SAN FRANCISCO — You knew that Madison Bumgarner has outstanding control of his pitches. You might not have known that his excellence this year reached historic proportions.
Bumgarner began the season at age 21. According to researcher Roger Schlueter of Major League Baseball Productions, Bumgarner’s 4.15 strikeout-to-walk ratio (191 Ks, 46 walks) was the second best since 1893 for any pitcher that young. The only pitcher in his age-21 season to eclipse Bumgarner in this category was Kansas City’s Bret Saberhagen, who had a 4.16 ratio (158 Ks, 38 walks) in 1985. Bumgarner moved onto this list ahead of Don Sutton, who recorded a 4.02 ratio (209 Ks, 52 walks) as a Dodgers rookie in 1966. Bumgarner turned 22 on Aug. 1.
Of course, no discussion of strikeout-to-walk ratio is complete without mentioning Sergio Romo. The Giants right-hander posted a ridiculous ratio of 14 (70 Ks, five walks) in 48 innings. His figure led all Major Leaguers who pitched at least 35 innings.
Despite Bumgarner’s and Romo’s best efforts, Giants pitchers walked 559 batters, third-highest in the National League. Tim Lincecum issued a career-high 86 walks — a figure he vowed to trim. Aside from Romo, the relief corps of Santiago Casilla, Javier Lopez, Guillermo Mota, Ramon Ramirez, Dan Runzler and Brian Wilson walked 154 in 336 innings. Despite this, San Francisco’s bullpen ranked second in the league with a 3.04 ERA.
More stats and history: The Giants’ abysmal total of 570 runs was their lowest in a non-strike-shortened season since they accumulated 556 in 1985.
You’ll remember that the ’85 club remains the only outfit in Giants history to lose 100 games.
Pablo Sandoval scored a club-high 55 runs. That’s the Giants’ lowest team-leading total, including strike-shortened years, since Heinie Smith scored either 46 runs (source: Giants media guide) or 48 runs (source: baseball-reference.com). Even in 1981, when the Giants played only 111 games, Jack Clark scored 60 runs.
Mark DeRosa, who possesses the gift of gab in abundance, will provide commentary during the postseason for MLB Network.
“That’s something I’ve had my eye on for a little bit,” DeRosa said. “They offered me a chance to come up there and help them out. Just to see if I enjoy it.I love being around the game. I love talking baseball. I’m not a guy who goes home in the offseason and forgets about it. I religiously watch every playoff game and World Series. I’ve got a lot of friends who have been playing in the league a long time with a lot of different teams. I’ve gotten to know a lot of guys around the league. I feel like I have a feel for what makes them tick.”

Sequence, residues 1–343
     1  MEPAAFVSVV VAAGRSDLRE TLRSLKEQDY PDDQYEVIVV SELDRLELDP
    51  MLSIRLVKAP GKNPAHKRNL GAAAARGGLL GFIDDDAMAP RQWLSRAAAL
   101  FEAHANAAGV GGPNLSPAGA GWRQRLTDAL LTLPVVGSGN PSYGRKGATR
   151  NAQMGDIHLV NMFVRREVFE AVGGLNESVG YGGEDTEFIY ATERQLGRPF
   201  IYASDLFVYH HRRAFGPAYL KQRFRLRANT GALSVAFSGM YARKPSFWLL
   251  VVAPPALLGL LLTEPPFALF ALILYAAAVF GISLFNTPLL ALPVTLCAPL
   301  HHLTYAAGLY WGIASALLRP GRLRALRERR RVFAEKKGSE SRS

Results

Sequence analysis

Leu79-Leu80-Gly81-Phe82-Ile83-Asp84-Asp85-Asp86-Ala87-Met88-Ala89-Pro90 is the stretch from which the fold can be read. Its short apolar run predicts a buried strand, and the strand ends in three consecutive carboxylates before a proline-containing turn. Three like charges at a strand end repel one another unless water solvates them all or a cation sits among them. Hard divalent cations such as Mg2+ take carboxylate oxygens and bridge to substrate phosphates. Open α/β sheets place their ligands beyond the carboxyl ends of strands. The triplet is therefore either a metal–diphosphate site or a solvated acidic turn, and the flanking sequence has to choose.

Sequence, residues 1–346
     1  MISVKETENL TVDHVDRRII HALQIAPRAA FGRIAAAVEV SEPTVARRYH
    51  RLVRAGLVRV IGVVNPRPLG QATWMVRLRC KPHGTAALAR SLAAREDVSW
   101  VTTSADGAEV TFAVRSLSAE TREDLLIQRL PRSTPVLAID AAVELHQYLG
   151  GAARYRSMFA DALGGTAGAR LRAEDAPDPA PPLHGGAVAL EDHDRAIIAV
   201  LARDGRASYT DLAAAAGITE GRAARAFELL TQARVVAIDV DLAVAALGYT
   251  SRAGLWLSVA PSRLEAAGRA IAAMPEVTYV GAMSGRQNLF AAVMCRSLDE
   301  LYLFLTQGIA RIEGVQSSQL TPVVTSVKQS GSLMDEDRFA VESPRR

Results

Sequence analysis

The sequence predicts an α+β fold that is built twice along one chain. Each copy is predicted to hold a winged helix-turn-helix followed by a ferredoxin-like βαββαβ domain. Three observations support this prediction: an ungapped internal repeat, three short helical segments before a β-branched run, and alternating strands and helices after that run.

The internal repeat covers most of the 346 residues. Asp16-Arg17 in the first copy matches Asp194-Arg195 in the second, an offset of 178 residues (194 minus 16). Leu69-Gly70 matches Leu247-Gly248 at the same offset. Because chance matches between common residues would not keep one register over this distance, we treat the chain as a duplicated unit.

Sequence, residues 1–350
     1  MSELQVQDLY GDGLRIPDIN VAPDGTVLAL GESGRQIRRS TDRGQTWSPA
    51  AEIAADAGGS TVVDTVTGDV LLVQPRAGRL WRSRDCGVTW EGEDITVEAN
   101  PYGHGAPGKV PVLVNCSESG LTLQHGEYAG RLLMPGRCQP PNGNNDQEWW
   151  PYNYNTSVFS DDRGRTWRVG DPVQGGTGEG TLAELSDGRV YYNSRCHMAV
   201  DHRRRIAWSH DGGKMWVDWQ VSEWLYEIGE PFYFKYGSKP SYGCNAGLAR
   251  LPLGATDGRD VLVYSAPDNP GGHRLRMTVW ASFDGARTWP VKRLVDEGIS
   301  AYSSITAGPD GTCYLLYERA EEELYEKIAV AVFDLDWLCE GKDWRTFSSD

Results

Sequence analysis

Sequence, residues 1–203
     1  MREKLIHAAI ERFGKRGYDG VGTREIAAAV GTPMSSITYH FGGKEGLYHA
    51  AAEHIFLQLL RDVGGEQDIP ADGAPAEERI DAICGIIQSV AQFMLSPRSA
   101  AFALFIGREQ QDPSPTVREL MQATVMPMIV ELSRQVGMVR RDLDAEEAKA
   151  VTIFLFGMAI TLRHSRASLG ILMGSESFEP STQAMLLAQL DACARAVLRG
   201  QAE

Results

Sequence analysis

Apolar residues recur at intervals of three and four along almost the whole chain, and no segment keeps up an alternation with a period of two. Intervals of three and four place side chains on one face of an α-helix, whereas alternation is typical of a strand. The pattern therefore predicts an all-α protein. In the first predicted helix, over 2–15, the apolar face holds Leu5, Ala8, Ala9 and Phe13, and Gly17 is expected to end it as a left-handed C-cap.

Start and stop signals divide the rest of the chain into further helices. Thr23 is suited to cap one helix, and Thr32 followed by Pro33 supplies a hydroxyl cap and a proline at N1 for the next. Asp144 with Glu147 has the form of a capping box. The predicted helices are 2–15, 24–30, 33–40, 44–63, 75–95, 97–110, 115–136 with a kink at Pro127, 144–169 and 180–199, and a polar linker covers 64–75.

Here’s a not-going-out-on-a-limb-at-all prediction: DeRosa will do a heck of a job and set up a promising future for himself in radio or TV … once he finishes playing.
— Chris Haft
Monday, Sept. 5
SAN DIEGO — Fully aware that this has nothing to do with the Giants’ present-day issues, I’m compelled by the calendar to share this reminiscence.
Baseball on Labor Day always shall mean one thing for me: Sept. 3, 1973. The Giants beat the Dodgers, 11-8, overcoming an 8-1 deficit. This game reinforced some basic baseball truths — how momentum can be so fickle and inexorable; why leaving a ballgame early is never a good idea; and how the improbable can become commonplace when the Giants and Dodgers meet.
Moreover, it was simply an unforgettable game.
The Dodgers, who led the National League West by one game over Cincinnati at the time, led 8-1 after five innings. This prompted an older couple to gather their blankets (I should have mentioned that the scene was Candlestick Park) and head for the parking lot. Asked by a neighbor (apparently I was sitting amid a flock of season-ticket holders) why they were leaving so soon, the departing gentleman simply shook his head in disgust.
I wonder how those two felt a few hours later.
The Giants had only three hits through six innings — OK, I looked it up on baseball-reference.com — but roused themselves to score six runs in the seventh inning. That, I recall without fact-checking. I don’t remember much about the particulars of the rally, which included two-run singles by Dave Rader and Tito Fuentes (thanks again, baseball-reference). I do remember that though the Giants still trailed, 8-7, I was absolutely convinced that they’d proceed to win.
The ninth inning validated my belief. After striking out Willie McCovey, Chris Speier and Dave Kingman in a perfect eighth, Dodgers reliever Pete Richert walked Gary Thomasson to open the ninth. Baseball-reference says that the next two hitters, Rader and Mike Sadek, recorded sacrifice bunts and reached base safely. My memory tells me that the Dodgers botched both plays, but detailing how this happened would require deeper research.
The Dodgers summoned their best reliever, left-hander Jim Brewer, to face Bobby Bonds, the Giants’ best player and quite possibly the finest in the entire NL at that juncture. Though the bases were loaded with nobody out, the Dodgers seemed to have a decent shot of escaping the threat. Brewer’s formidable screwball made him tough on right-handed batters as well as against lefties.
But when Bonds performed at the height of his skill, nothing else mattered.
He drove a pitch to left field but hit it so high that I figured it was just a fly ball. Watching Bill Buckner stand helplessly at the fence as the ball disappeared into the seats told me otherwise. Giants fans in the relatively sparse audience of 15,279 — those who remained present, that is — were euphoric. The Giants never seriously threatened the Dodgers or Reds in the division race through the rest of the season. But, for one night, their followers felt as if the team had reached the World Series.
Bonds and the Giants thus issued an essential reminder: Never, ever give up.
Maybe this recollection isn’t so irrelevant after all.
— Chris Haft